The market square now known as Red Square was built in the late 15th century as ordered by Ivan III. The original wooden stalls burned so often that it became known as Fire Square. It acquired the name Red Square in the 17th century from the Russian word krasnyy, originally meaning “beautiful” but the word came to mean “red.” The name Red Square has no connection to its bloody history or to Communism.
Standing in the center of square looking south is St. Basil’s Cathedral. To the west is Lenin’s Mausoleum with the Kremlin behind it. To the north are the Historical Museum and Resurrection Gate. To the east are Kazan Cathedral and GUM shopping center. (Click on photos for more information.)
Ulitsa Varvarka (Varvarka Street) runs along the Moskva River and is home to several beautiful churches. It takes its name from St. Barbara (Varvarka) Church which is named after one Barbara who reportedly killed her father for her Christian beliefs in the 4thcentury and afterward became the patron saint of Moscovian merchants who built a church in her honor. The street is home to such treasures as the Monastery of the Sign with its green and gold domes was erected in 1684 and the blue domes decorated with stars which tops the Church of St. George, built in 1657.
There is no way to begin to see all the museums in Moscow and St. Petersburg. We merely skimmed the surface and were overwhelmed by the size and richness of the collections. One of the three buildings which make up the Pushkin Museum holds the Impressionists Collection. Matisse’s (1869-1964) “Goldfish” is there as well as pieces by Picasso (1881-1973) including one that I had never heard of, “Old Jew and a Boy,” and Renato Guttuso’s (1912-1987) “Rocco with a Gramophone.”
We spent two days in the Tretyakov Galleries. The original gallery was a given to the city of Moscow in 1892 by the wealthy merchant Pavel Tretyakov whose brother also donated pieces. Paintings, drawings, watercolors [especially beautiful are those by Isaak Levitan (1861-1900)], icons and jewelry. The 20thcentury gallery features Russia’s avant-garde artists. I really loved the Primitivist works with their bold shapes and colors. The collection of Soviet pieces is staggering. Across the street from this prestigious gallery stands a statue of Peter the Great on a ship. It is one of the largest statues in the world. Quite a contrast to the high art inside the gallery but very fun!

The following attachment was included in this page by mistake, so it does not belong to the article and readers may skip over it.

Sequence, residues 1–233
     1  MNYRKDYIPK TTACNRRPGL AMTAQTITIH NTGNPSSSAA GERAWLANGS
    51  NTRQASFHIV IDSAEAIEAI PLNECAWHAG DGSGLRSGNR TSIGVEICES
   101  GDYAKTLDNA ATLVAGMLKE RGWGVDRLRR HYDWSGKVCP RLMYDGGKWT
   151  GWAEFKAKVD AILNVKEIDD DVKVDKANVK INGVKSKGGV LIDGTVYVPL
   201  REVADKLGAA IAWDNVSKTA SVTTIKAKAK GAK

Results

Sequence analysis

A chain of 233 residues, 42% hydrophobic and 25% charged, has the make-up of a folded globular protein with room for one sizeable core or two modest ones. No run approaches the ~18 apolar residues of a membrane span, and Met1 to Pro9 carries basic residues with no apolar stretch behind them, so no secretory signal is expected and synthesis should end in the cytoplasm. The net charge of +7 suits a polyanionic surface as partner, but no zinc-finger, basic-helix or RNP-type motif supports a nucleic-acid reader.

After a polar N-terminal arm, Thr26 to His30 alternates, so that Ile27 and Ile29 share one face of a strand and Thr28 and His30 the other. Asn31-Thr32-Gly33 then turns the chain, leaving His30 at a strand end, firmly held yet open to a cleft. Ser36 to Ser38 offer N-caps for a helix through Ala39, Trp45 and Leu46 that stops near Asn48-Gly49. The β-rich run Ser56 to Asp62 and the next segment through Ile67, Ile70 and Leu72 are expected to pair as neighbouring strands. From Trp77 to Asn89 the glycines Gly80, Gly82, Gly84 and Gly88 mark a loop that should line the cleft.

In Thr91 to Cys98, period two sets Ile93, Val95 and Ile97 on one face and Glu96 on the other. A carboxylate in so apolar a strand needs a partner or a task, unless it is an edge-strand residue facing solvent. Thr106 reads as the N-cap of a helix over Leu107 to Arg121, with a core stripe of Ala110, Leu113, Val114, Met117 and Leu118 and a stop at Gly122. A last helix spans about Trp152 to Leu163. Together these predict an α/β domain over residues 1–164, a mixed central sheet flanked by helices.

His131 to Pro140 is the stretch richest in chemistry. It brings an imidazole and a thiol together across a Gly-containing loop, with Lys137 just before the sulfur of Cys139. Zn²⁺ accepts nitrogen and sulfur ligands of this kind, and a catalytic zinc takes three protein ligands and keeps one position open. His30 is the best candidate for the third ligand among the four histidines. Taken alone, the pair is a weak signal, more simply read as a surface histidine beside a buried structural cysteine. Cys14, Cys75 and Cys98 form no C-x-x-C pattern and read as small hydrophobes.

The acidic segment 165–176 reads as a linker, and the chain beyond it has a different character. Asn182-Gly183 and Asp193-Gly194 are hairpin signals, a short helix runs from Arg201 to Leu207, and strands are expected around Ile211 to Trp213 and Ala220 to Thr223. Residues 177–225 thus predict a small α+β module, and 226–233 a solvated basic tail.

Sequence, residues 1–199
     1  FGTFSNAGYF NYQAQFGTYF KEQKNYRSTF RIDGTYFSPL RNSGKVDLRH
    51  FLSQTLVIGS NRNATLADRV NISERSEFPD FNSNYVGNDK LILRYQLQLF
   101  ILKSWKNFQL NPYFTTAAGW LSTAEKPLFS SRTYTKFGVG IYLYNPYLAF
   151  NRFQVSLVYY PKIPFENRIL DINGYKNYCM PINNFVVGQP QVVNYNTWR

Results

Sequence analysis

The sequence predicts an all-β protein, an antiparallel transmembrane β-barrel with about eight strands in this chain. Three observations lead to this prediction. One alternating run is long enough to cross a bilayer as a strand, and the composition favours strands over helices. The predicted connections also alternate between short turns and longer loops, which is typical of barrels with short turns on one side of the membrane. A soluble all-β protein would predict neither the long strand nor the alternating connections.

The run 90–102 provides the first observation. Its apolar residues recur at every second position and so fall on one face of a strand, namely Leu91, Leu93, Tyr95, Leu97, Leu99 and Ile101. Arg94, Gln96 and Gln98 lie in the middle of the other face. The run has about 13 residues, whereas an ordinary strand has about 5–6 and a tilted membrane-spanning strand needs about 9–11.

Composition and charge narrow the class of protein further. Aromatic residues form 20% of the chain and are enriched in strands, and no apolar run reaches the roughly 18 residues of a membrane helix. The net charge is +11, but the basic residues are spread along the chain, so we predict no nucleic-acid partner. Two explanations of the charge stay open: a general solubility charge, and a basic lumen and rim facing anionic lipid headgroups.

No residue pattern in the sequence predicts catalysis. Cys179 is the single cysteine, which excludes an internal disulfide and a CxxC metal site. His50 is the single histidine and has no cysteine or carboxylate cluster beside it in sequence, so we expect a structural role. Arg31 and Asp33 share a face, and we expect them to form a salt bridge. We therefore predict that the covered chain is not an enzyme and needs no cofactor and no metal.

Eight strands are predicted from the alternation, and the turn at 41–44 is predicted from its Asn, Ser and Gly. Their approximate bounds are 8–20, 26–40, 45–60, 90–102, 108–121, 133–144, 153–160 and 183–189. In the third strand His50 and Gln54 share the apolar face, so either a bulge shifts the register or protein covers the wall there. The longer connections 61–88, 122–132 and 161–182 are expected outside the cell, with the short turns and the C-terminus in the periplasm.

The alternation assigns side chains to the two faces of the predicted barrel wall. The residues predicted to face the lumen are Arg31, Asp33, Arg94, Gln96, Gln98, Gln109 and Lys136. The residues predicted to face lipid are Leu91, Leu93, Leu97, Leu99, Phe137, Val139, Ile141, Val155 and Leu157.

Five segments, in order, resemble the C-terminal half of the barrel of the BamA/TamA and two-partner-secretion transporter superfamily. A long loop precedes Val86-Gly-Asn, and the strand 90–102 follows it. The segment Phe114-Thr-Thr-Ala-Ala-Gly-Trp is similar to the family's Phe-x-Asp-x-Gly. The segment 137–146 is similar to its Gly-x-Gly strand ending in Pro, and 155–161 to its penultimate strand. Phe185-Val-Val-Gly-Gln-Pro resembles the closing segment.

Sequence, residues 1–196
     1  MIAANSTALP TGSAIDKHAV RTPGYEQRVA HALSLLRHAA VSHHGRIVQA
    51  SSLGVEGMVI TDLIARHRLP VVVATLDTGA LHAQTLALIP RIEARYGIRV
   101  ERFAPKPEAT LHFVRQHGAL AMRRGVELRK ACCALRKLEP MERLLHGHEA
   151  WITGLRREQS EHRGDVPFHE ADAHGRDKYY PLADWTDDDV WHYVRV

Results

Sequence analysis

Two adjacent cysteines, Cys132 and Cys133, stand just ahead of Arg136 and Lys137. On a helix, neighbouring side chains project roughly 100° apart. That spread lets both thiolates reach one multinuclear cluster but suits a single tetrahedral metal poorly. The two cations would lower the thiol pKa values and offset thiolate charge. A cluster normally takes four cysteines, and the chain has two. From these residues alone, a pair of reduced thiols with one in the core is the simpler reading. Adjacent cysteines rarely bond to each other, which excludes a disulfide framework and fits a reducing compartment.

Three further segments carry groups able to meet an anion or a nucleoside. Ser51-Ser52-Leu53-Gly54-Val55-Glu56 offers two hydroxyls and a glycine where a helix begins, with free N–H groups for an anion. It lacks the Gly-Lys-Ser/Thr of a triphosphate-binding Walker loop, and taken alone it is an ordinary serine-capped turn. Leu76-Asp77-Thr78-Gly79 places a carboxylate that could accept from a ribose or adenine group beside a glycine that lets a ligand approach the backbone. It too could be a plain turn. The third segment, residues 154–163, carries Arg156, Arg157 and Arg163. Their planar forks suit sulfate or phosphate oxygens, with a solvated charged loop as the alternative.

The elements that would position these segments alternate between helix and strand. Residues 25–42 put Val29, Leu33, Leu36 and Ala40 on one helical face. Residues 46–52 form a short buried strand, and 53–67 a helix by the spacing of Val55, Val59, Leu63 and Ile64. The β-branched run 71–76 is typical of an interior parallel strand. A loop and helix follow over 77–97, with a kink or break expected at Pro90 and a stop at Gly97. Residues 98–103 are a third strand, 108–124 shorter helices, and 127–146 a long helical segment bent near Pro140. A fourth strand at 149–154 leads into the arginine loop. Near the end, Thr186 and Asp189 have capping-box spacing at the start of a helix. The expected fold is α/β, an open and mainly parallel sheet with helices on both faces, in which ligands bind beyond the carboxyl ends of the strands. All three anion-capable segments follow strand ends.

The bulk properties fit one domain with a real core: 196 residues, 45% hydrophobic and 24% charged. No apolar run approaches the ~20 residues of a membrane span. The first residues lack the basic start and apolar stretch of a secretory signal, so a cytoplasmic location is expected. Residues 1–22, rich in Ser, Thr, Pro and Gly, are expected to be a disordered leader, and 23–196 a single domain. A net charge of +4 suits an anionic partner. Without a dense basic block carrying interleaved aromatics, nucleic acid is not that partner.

While in St. Petersburg we visited The Russian Museum, also known as the Mikhailovsky Palace Museum, which displays the history of Russian art from the 10th century to the present. It opened in 1898 and grew enormously in size after the 1917 Revolution when “nationalization” brought the acquisition of numerous private collections. The museum now holds about 400,000 exhibits both permanent and temporary collections. The Chagall below is part of the permanent collection. A fabulous exhibit now on display is “American Artists from the Russian Empire” which consists of work of Jewish artists who fled Russia at the turn of the 20th century.
We couldn’t seem to get to the Kremlin until a day or so before we left Russia. Guidebooks stipulated specific entry hours. The weather was bad and no photos were allowed inside the many buildings. The Kremlin (kreml means “fortress”) was the Citadel of the Tsars, the headquarters of the Soviet Union and is now the home of the Russian president. The original structure was chosen for its location on the Moskva and Neglinnaya rivers by Prince Yuiy Dolgorukiy in 1156. In the 15th century Italian architects were commissioned by Ivan III to build the new complex including the Church of the Assumption (which holds the 12th century painting of St. George, the oldest Russian icon) and the Faceted Palace. The entry to the Kremlin is through the Trinity Tower. Napoleon marched through this gate in 1812 but left defeated a month later. The State Armory was constructed in 1844-1851. The priceless imperial collections and diamond fund are found there. In the 1920s Stalin destroyed several churches and palaces of the Kremlin. In 1955, parts of the Kremlin were reopened to the public.